# Proving upperbound using convexity

The original question is to prove

$$\frac{1}{n}\sum_{i=1}^n x_i \leq \log{(\frac{1}{n}\sum_{i=1}^n e^{x_i})} \leq \max_{1 \leq i \leq} x_i$$

I show that

$$x_{max} = \max_{1 \leq i \leq} x_i$$

$$\log{(\frac{1}{n}\sum_{i=1}^n e^{x_{max}})} =\max_{1 \leq i \leq} x_i$$

However I don't how to show the left inequality, the solution say this is trivial by the convexity of exponential function, what does that mean? I understand what convexity means but what does convexity have to do with the upper bound? You can easily have two convex functions that cross each other at one point, how will covexity help me

$$\exp{(\frac{1}{n}\sum_{i=1}^nx_i) } \leq \frac{1}{n}\sum_{i=1}^n e^{x_i}$$

• You take logs of both sides of the last equation you wrote down. You are nearly there. – Stephen Montgomery-Smith May 14 '14 at 1:36

The function $f(x) = \exp (x)$ has a positive second derivative for every $x$ and is convex.

Convexity can be used to prove your last assertion

$$\exp(\frac{1}{n}\sum_{i=1}^{n} x_i) \leq \frac{1}{n}\sum_{i=1}^{n} \exp(x_i)$$

A convex function has the property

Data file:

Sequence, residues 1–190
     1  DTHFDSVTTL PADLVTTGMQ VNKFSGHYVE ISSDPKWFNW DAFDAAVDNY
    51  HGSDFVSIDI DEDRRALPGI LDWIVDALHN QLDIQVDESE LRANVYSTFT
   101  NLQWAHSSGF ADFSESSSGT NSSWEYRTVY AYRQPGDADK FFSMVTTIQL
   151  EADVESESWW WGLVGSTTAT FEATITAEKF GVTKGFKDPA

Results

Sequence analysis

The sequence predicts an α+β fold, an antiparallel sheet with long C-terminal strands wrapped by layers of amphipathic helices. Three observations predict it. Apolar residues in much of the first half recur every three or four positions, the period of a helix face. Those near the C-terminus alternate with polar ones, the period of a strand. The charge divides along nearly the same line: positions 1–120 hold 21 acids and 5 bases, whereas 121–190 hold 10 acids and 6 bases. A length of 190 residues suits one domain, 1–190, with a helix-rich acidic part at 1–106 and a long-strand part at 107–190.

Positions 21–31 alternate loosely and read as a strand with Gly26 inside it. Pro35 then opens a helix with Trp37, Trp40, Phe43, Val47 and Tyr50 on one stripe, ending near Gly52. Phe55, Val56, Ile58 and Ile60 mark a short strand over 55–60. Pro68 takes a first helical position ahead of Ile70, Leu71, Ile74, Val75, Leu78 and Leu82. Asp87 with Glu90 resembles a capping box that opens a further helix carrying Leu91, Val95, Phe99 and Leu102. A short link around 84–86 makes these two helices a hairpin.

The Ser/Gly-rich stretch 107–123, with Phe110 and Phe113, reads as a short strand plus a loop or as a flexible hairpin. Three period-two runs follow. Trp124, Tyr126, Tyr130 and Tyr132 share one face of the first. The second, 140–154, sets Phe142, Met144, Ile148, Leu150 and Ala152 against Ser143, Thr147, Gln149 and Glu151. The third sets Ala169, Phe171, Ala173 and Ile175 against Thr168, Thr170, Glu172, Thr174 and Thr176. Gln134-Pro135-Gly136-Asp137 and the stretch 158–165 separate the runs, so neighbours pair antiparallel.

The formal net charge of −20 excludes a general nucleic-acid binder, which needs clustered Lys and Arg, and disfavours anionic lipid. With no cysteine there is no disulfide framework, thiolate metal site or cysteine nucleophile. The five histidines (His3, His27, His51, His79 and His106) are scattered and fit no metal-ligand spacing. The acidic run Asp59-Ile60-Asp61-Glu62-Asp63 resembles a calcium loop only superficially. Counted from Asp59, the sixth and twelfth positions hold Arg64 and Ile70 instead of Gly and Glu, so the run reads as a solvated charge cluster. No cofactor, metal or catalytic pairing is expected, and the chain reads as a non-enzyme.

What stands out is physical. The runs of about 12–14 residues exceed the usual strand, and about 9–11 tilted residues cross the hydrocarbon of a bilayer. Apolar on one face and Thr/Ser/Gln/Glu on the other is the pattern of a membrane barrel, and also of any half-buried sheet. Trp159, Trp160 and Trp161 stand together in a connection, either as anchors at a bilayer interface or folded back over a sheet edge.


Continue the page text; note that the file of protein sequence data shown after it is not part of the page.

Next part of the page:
$$f[(\lambda x_1 + (1-\lambda)x_2] \leq \lambda f(x_1) + (1-\lambda)f(x_2)$$

for $0 \leq \lambda \leq1$.

You can use Taylor's theorem to prove that a twice-differentiable function with a positive second derivative is convex.

This generalizes to yield your inequality.

If $f$ is convex then using $\lambda = 1/2$ we get

$$f[(x_1 + x_2)/2] \leq \ [f(x_1) + f(x_2)]/2$$ and we can extend this by induction to $n$ variables (Jensen inequality):

$$f(\frac{1}{n}\sum_{i=1}^{n} x_i) \leq \frac{1}{n}\sum_{i=1}^{n} f(x_i)$$

I will show how this is done for $n=3$.

By convexity,

$$f\Big(\frac{1}{3}x_1+\frac{1}{3}x_2+\frac{1}{3}x_3\Big) = f\Big[\frac{1}{3}x_1 + \frac{2}{3}\Big( \frac{x_2/3+x_3/3}{2/3}\Big) \leq \frac{1}{3}f(x_1) + \frac{2}{3}f\Big( \frac{x_2/3+x_3/3}{2/3}\Big)\Big] \leq \frac{1}{3}f(x_1) + \frac{2}{3}f (x_2/2+x_3/2) \leq \frac{1}{3}f(x_1)+\frac{1}{3}f(x_2)+\frac{1}{3}f(x_2)$$